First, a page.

I love my new bicycle. It's a beauty. I haven't been so thrilled about getting a new bike since I was a kid. In fact, as I rode home from the bike shop on our local greenway bike trail the other day, I felt a childlike glee come over me and I realized I was riding along with a huge grin on my face. Fortunately, it's still early enough in the year the bugs weren't out...
I've always loved my bikes. My first bicycle was a Huffy, a little red number with training wheels, red grips on the handlebars and a white woven basket on the front decorated with bright plastic daisies. It was a gift from my parents and it was the bike I learned to ride on. After a couple of years my Dad had it updated for me with a white banana seat, a sissy bar and stingray handlebars. I added fluorescent flower stickers and playing cards held on with clothespins that rattled in the spokes to make a chopper-like faux-engine sound. It was very cool.
Of course, I eventually outgrew the groovy red bike and wanted something a tad more sophisticated. My second bike was a brown 3-speed women's bike with fenders, regular handlebars and a comfortable seat. It took me everywhere for the next 6 or 7 years -- across town to visit grandma, down to East Park to play tennis, even to school on a few occasions (with it I got my first combination lock).
When I was in high school I sold a bunch of my childhood toys on a garage sale, took my earnings and went down to the bike shop to buy a shiny new 12-speed road bike. It was a sparkly blue men's bicycle (which all serious riders rode) with drop handlebars and, eventually, toeclips to maximize my power. Compared to my previous bikes, this one was fast. I put a lot of miles on it as my best friend and I crisscrossed northern Iowa seeking out every hill we could find (and that took some looking). No one wore helmets back then, and screaming down a hill with the wind blowing through my hair was pure joy.
But as I matured, the thrill of the whole "go fast" thing wore off. The seat on my bike seemed to get harder, the handlebars more annoying and the skinny tires more dangerous on the sometimes gravel-laden roads of Oregon (in Iowa we used salt to melt the ice, here they use fine cinders or gravel for traction...by summer it's a pile right where I want to be riding).
As the years went by my road bike spent most of its time gathering dust. Every so often I would get the idea that I wanted to start riding again, so I'd take it down to the bike shop, get it tuned-up and enjoy a few rides before the winter rains started (I never really got used to the wet stripe up my back). I even rode it to work for a short time. I put on a cushy seat, added some plastic fenders and slightly wider tires, but it still spent more time gathering dust than covering territory. It hasn't been out for a ride since we last moved. It's been five years. Five years in some of the best bike-riding territory in the state. So what's up?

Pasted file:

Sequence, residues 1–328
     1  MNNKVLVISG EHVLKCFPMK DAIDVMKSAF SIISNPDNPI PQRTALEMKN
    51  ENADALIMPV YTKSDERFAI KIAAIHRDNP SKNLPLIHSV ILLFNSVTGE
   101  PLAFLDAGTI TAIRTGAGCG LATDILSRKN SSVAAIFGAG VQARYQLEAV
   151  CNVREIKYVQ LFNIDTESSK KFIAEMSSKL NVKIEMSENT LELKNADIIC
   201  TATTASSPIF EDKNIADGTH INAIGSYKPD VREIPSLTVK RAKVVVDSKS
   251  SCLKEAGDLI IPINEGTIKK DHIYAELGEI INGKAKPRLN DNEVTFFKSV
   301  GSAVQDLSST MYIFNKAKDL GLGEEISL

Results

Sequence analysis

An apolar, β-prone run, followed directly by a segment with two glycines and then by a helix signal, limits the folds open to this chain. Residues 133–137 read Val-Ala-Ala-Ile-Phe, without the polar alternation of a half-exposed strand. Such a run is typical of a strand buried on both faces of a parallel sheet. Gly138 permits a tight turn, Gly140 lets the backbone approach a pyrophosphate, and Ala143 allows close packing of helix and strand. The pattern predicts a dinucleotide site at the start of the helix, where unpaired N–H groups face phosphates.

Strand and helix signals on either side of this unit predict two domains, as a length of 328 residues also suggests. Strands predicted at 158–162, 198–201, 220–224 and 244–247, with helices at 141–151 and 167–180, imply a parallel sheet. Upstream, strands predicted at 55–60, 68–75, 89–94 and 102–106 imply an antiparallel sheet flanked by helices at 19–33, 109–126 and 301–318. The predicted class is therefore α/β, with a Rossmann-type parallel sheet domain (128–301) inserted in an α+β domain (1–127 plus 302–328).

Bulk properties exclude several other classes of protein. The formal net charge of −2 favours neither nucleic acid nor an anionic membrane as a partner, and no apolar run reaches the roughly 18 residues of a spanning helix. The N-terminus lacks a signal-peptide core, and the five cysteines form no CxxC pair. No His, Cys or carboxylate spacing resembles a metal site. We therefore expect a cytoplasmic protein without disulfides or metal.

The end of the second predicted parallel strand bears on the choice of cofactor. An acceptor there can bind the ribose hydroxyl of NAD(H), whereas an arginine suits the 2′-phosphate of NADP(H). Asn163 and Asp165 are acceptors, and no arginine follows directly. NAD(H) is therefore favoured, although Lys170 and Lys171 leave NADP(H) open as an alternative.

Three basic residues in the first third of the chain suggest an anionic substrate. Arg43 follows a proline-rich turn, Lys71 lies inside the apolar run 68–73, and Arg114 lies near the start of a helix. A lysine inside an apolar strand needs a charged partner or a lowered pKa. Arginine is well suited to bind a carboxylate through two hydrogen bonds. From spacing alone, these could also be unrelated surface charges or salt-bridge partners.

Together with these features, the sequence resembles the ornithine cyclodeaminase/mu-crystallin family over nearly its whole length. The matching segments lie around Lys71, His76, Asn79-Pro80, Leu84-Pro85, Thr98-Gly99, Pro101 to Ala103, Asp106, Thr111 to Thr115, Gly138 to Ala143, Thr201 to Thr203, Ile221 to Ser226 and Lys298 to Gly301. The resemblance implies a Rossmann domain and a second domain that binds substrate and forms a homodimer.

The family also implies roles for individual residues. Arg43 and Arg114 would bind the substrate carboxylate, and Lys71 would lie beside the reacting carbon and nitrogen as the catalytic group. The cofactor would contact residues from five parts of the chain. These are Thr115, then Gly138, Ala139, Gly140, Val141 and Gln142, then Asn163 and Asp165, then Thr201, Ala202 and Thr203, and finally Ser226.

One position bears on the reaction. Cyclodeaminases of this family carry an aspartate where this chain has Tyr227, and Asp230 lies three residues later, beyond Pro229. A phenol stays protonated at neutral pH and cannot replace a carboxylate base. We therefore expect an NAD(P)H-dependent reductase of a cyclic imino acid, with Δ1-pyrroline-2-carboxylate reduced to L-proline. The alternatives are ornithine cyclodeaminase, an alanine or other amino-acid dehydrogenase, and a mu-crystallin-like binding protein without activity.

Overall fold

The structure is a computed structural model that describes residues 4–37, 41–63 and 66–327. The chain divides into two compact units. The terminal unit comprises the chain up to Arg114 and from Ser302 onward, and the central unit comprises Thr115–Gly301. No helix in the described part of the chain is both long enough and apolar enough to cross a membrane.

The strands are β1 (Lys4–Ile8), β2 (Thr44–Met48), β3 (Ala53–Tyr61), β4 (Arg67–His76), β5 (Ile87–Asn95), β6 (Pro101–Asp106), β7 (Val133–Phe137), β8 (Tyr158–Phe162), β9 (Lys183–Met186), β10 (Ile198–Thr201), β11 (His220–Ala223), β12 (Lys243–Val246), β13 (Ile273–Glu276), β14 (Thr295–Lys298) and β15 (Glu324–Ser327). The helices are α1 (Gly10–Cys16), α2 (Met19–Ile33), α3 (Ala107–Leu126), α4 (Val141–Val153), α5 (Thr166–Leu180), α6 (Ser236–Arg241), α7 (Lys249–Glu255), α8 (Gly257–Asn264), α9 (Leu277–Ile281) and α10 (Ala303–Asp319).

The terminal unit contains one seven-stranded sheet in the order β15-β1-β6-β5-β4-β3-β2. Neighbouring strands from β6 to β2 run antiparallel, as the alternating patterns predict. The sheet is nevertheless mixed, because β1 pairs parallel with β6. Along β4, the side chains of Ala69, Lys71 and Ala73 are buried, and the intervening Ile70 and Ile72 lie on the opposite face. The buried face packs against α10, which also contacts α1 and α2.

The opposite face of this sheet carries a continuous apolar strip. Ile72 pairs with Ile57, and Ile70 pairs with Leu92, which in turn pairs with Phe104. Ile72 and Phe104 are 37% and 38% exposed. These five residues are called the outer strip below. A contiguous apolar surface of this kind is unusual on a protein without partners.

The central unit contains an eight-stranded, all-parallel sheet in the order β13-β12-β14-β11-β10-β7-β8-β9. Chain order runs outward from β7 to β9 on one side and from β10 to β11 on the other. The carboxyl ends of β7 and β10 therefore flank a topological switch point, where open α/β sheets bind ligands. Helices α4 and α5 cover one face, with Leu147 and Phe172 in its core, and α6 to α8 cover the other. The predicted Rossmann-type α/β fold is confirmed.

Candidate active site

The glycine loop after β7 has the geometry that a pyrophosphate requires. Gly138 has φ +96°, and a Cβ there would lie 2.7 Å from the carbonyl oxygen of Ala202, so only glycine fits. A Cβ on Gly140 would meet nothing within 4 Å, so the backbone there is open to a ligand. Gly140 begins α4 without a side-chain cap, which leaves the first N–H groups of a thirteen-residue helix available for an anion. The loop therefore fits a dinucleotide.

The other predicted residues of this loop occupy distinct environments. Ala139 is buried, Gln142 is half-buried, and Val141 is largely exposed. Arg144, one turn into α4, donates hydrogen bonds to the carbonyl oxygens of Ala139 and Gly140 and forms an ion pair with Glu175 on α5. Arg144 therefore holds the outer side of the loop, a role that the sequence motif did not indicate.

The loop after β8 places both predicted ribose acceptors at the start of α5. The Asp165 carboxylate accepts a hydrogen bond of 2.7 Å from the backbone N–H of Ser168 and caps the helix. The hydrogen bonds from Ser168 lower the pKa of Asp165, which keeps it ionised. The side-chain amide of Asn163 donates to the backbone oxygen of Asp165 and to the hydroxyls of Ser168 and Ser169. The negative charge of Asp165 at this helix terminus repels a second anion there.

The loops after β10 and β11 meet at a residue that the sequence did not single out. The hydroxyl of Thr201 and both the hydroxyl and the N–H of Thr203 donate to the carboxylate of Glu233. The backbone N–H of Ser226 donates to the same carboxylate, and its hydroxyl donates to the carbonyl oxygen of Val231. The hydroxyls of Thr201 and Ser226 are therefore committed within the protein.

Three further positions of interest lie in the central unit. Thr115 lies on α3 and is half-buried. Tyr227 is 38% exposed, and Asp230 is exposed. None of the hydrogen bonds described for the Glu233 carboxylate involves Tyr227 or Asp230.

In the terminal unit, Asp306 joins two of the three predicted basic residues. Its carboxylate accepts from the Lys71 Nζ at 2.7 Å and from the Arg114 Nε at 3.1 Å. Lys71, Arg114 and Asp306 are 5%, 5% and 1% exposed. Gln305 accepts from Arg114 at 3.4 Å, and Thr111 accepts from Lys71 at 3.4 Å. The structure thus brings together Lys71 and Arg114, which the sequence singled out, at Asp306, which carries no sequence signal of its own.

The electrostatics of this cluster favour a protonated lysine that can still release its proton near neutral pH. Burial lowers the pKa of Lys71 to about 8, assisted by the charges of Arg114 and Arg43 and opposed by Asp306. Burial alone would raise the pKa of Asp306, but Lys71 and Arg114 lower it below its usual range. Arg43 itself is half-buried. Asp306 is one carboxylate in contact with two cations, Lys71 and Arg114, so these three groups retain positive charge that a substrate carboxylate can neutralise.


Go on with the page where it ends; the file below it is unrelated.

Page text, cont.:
Feeling rather guilty seeing my bicycle out in the garage, covered with sawdust and serving as a makeshift spider condo, I pondered our 25-year on-again, off-again relationship. Was it something about the bike or something about me? I determined it was both. So what would inspire me to ride?
For starters, my mind and body have matured a tad and so have my bicycling desires. Being aerodynamic and going fast are no longer priorities. Being comfortable and feeling stable on my bike are. I always used to think I had to "gear up" to ride my bike...shorts or workout clothes at least (nothing to get caught in the chain), shoes that fit in my toeclips well enough not to cause a minor panic at a stoplight (I had a few close calls over the years), padded gloves (because my handlebars were so hard they made my hands hurt) and, of course, a helmet. Riding the bike was always an event, something I had to get ready to do, and this prevented me from using my bike in a casual way...such as a quick ride down to the post office or to pick up a loaf of bread at the store.
Last fall we had the good fortune to spend a couple of days in Amsterdam, a true bicycle city. There were bikes everywhere. People were riding in their everyday clothes, going to everyday places and using their bikes as their primary mode of transportation. Bicycles lined the sidewalks on nearly every street and at the train station there was a multi-story parking garage filled with nothing but bicycles -- we're talking tens of thousands of bicycles. Rain or shine, these people ride. And the bikes? Nothing fancy. It's almost perfectly flat there, so only one speed is needed. They have chain guards and fenders to keep their clothes clean. They have baskets, comfy seats and ordinary handlebars. They are the kinds of bikes that were so totally un-cool when I was a teenager. Suddenly I found myself longing for one.